El Castillón, is an archaeological site located in the Spanish hamlet of Santa Eulalia de Tábara, in the municipality of Moreruela de Tábara, province of Zamora, region of Castile and León on the Spanish mainland.
The site covers an area of about 4 Hs and it situated over a plateau at the top of a hill located on the right riverside of the River Esla (tributary into the Douro). The site has been inhabited since the Iron Age, but the most known period of the site belongs to the Late Roman Era as a large number of late Hispano-Roman red gloss pottery testifies (TSHT). Early Modern period is clearly represented by pieces of grey and printed pottery type DSP. Hand made pottery is in a few number and it has been unearthed in limited areas and secondary depots, In spite of it, it clearly belongs to the 1st Iron Age.
The site is enclosed by a U-shaped wall surrounding the settlement but the east where an abrupt cliffs falls to the river.
It belongs, since 1985, to the Regional Government of Castilla y Leon Inventory of Protected Heritage in the category as Cave Painting Sample, because just below the site, in a shelter of the cliff falling to the river, schematic art samples where found in the site known as The shelter of El Castillon.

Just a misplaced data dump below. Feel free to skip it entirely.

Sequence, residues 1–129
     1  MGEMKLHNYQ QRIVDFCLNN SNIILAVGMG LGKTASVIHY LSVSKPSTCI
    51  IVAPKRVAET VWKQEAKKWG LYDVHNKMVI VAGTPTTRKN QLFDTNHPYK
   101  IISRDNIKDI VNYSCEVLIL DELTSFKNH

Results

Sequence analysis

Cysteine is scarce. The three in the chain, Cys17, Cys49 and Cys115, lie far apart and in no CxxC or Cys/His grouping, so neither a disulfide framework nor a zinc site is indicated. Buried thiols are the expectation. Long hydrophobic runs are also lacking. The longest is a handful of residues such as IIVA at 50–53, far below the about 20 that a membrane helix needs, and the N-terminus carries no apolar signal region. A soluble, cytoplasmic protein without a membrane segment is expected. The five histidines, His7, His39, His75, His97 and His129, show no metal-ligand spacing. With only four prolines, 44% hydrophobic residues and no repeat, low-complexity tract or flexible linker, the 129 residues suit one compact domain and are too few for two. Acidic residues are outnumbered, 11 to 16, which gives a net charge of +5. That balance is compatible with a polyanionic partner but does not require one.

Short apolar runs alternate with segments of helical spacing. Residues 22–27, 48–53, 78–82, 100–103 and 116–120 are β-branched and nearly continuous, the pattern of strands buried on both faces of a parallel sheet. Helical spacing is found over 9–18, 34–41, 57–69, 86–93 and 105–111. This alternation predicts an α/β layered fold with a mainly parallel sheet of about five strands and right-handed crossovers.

Excavations started in 2007, within the frame context of the PIDPAPZ project (Project on the Investigation and diffusion of the Late Prehistory Archaeological Heritage of the Province of Zamora). The scientific team was led by the archaeologists Jose Carlos Sastre Blanco and Oscar Rodriguez Monterrubio, just since the beginning the archaeologist Patricia Fuentes Melgar (Asociación Científico - Cultural ZamoraProtohistórica) joint the leading team and years later when the Association for the Scientific and Cultural Promotion of the Heritage of Zamora was created the supervising group was completed by Manuel Vazquez Fadon. Excavations have been carried out since 2007 to date with a gap year in 2015. In these eight campaigns three areas have been studied: Defensive systems, the metalworking district and the big storehouse.
The wall is a perimeter structure forming a complete u-shaped enclosure. The wall has been constructed with huge redden quartzite ashlars. The main wall structure is reinforced by an external pre-wall constructed outside the inhabited nucleus. The excavation area number 4, unburied the structure of the Late Roman Wall in a point close to the main entrance to the village, the eastern gatehouse which was reinforced by three cassamata structures attached to the wall from the inside. The excavation Area 1, discovered the construction techniques of the wall: double-faced wall, filled with rough stones and earth. The wall was 5m height and 4m breadth.